Life after leprosy in Vietnam

VU THU, Vietnam (AFP) – Tran Huu Hoa was scared, desperate and on the verge of suicide after his leprosy diagnosis in 1958, fearing he would never work or marry in an age when lepers were completely shunned from the Vietnamese society.

He could not imagine he would find new life at the leprosy hospice where he has been living for 61 years, a walled off compound in northern Thai Binh province where he met his wife, worked as a union boss and took in needy children.

“There were about 2,000 people here then, mostly young people. It was fun because we started a teen union,” the 80-year-old told AFP, sitting on his bed with his wife Teo of 54 years.

Today there are only 190 patients at the hospital, all cured but living with disabilities caused by leprosy.

Many walk with prosthetic legs. Others like Hoa have lost fingers. Some are so severely disabled they spend the day bent over in bed, covered with thick blankets to keep the cold at bay.

A young Vietnamese boy riding a tricycle for a leprosy patient at the Van Mon Leprosy hospice compound, northern Vietnam’s oldest leprosy hospital in Thai Binh province. – PHOTOS: AFP
Leprosy survivors Nguyen Thi Teo and wife Tran Huu Hoa holding hands while sitting in their room at the Van Mon Leprosy hospice compound
Photos above & below shows leprosy survivors who live in northern Vietnam’s oldest leprosy hospital in Thai Binh province

Founded in 1900, Van Mon is the oldest leprosy hospital in northern Vietnam.

At its peak it treated 4,000 patients a year – a number that has dwindled as leprosy cases have dropped across Vietnam thanks to improved healthcare, hygiene and greater awareness of the disease.

World Leprosy Day is January 27.

There were 248 people being treated for leprosy in 2017 in Vietnam, down by more than half from a decade earlier, according to data from the World Health Organization.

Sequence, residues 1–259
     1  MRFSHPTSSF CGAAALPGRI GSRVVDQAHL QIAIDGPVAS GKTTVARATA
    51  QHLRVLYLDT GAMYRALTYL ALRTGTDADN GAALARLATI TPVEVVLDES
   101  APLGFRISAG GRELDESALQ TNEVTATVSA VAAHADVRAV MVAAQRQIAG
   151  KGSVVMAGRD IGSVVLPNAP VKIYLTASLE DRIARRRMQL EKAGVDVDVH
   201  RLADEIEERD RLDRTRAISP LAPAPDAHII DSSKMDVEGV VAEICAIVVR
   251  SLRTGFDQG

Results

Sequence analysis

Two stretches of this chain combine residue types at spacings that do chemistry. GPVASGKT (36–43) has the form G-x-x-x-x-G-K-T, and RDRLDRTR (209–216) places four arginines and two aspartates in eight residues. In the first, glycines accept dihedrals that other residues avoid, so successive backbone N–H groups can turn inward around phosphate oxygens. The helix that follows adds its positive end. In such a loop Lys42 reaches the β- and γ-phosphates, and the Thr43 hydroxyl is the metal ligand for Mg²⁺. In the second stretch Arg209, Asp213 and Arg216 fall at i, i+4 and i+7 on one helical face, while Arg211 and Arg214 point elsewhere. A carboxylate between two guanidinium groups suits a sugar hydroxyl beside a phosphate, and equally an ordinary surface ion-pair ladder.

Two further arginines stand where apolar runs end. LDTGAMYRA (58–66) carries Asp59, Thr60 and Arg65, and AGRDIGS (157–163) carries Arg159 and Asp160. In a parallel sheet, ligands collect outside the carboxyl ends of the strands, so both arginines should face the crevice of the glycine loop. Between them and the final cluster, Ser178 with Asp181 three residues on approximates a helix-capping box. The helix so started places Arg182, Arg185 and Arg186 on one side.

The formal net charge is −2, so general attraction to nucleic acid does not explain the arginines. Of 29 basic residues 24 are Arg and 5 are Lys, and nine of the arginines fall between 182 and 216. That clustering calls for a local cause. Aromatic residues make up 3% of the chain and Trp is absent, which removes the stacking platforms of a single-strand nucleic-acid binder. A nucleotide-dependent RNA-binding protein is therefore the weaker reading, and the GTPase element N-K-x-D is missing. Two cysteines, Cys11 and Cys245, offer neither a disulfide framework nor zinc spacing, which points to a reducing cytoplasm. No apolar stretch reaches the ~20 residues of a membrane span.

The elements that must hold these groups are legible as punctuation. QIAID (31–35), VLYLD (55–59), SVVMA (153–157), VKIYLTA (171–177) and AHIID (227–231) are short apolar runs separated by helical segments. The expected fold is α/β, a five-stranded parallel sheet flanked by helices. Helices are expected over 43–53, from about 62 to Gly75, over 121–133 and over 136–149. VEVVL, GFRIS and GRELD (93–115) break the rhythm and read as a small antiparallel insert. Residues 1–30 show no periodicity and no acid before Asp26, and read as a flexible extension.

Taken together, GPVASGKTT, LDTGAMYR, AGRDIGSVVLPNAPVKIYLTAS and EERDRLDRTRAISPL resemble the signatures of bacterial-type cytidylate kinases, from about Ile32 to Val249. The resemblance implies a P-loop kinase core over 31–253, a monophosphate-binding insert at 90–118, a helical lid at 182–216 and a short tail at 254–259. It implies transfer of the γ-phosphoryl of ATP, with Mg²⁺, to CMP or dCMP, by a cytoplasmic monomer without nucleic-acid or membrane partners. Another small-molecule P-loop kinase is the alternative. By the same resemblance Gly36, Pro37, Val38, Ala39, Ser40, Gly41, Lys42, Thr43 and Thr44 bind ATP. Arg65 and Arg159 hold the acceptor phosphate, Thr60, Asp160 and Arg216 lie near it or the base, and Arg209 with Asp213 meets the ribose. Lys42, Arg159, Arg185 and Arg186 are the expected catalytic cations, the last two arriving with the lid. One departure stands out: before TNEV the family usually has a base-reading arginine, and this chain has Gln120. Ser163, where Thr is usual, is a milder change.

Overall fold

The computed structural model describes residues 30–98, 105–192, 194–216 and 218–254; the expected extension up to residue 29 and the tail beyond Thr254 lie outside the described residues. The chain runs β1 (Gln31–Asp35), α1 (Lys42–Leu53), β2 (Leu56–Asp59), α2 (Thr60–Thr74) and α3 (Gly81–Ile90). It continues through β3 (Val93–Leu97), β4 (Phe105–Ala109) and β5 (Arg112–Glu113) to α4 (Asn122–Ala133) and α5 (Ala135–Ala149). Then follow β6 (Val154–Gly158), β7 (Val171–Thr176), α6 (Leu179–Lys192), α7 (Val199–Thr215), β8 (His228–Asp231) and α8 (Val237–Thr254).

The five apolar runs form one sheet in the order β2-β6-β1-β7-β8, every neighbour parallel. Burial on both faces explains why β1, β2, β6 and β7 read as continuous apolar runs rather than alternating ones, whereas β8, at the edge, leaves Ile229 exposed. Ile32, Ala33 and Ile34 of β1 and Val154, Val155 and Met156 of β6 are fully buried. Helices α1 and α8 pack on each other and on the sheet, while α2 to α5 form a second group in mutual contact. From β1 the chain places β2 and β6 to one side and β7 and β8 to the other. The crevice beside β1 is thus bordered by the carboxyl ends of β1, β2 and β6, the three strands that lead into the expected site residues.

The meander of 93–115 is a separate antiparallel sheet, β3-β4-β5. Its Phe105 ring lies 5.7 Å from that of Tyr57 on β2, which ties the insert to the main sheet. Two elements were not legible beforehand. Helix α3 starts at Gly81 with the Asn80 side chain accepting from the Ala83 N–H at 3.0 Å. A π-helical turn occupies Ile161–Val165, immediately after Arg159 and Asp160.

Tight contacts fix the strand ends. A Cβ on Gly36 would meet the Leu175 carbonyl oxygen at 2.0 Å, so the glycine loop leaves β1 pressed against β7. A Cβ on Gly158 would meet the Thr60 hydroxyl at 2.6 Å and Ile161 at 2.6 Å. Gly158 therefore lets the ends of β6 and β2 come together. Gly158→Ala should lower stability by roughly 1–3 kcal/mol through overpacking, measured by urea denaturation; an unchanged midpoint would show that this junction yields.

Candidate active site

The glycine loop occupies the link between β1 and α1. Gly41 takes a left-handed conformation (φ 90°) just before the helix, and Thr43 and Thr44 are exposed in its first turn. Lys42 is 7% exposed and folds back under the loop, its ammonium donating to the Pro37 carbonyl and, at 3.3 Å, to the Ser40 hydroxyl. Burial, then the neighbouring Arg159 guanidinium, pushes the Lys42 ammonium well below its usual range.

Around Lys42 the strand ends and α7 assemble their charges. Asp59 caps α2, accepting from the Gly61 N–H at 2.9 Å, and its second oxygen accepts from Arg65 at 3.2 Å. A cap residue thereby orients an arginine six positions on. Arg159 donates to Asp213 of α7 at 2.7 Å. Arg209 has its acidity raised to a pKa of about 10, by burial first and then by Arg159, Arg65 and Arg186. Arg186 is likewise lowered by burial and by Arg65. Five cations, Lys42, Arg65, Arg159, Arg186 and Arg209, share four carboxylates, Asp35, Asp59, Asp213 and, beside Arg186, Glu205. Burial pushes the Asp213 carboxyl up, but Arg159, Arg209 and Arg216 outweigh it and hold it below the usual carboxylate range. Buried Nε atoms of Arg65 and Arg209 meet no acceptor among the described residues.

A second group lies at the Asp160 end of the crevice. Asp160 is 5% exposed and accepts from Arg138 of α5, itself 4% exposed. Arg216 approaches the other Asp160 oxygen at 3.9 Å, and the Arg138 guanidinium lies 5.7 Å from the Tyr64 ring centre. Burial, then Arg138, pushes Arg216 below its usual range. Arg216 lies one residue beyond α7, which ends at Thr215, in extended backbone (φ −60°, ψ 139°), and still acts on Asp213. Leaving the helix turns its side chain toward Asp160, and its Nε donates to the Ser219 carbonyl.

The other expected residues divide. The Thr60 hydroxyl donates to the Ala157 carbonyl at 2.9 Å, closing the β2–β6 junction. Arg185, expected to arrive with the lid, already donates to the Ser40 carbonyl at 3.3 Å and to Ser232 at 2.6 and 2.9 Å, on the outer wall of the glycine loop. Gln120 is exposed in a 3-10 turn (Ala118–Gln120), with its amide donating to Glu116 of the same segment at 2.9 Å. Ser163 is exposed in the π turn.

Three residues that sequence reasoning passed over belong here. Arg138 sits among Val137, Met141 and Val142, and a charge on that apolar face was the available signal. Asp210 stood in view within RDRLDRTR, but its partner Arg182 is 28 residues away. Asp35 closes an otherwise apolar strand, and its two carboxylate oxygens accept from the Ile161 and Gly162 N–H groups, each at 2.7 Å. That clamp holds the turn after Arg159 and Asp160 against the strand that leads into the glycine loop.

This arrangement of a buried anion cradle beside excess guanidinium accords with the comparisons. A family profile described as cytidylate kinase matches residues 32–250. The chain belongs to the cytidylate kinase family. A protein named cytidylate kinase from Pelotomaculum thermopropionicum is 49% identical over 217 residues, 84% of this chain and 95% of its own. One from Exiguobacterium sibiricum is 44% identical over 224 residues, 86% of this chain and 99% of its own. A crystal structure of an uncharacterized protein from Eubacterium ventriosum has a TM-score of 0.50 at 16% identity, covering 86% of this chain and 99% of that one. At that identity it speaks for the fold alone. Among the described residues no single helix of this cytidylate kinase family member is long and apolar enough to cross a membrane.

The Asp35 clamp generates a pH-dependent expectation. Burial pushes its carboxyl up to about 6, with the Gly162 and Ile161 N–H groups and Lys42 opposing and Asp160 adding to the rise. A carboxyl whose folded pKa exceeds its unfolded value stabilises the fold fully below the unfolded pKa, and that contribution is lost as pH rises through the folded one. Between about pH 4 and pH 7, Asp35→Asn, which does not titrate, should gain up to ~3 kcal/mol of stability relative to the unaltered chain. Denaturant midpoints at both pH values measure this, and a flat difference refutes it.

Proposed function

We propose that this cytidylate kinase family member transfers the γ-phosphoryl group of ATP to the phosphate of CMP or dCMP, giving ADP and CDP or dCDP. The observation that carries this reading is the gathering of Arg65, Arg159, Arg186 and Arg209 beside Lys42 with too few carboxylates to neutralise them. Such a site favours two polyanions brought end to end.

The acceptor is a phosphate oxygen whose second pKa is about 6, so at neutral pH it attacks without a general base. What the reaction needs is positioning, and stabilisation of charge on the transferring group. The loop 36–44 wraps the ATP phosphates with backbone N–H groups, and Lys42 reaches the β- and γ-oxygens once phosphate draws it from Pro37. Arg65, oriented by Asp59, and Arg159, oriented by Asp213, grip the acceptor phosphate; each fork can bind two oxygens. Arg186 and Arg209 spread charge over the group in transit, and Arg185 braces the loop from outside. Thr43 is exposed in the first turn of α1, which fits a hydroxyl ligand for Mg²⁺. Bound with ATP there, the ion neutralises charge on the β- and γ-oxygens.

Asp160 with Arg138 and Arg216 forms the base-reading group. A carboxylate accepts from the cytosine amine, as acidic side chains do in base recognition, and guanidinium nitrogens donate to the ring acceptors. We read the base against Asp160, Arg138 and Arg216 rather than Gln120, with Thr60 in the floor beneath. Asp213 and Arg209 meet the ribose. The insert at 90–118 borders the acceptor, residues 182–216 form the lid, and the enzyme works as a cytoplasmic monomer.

But as numbers have decreased so have the live-in patients at the Van Mon centre.

Meandering days are punctuated with a morning and midday meal. Some pass the time at the on-site chapel or pagoda, while most watch TV or listen to the radio during the day when they are not sleeping.

“I have no one to count on, I’m so lonely,” said Pham Van Bac, 83, who has been at the centre since 1960.

His daughter no longer visits and his grandchildren come only once a year, so he has little to look forward to most days, he said.

But many like Bac chose to stay, fearing they will be a burden on their families, or lose the care and small stipend provided at the government-run hospital.

Some, like Hoa, have found companions in the centre.

“It’s a source of encouragement and motivation and they can have a happier and better life,” said Deputy Director of the hospital Nguyen Thi Thai where both her parents were once treated for leprosy.

And even though stigma against leprosy sufferers has largely faded outside the walls of the hospice, many prefer to remain at Van Mon.

Hoa said, “This is my second home, I will live here until my death.”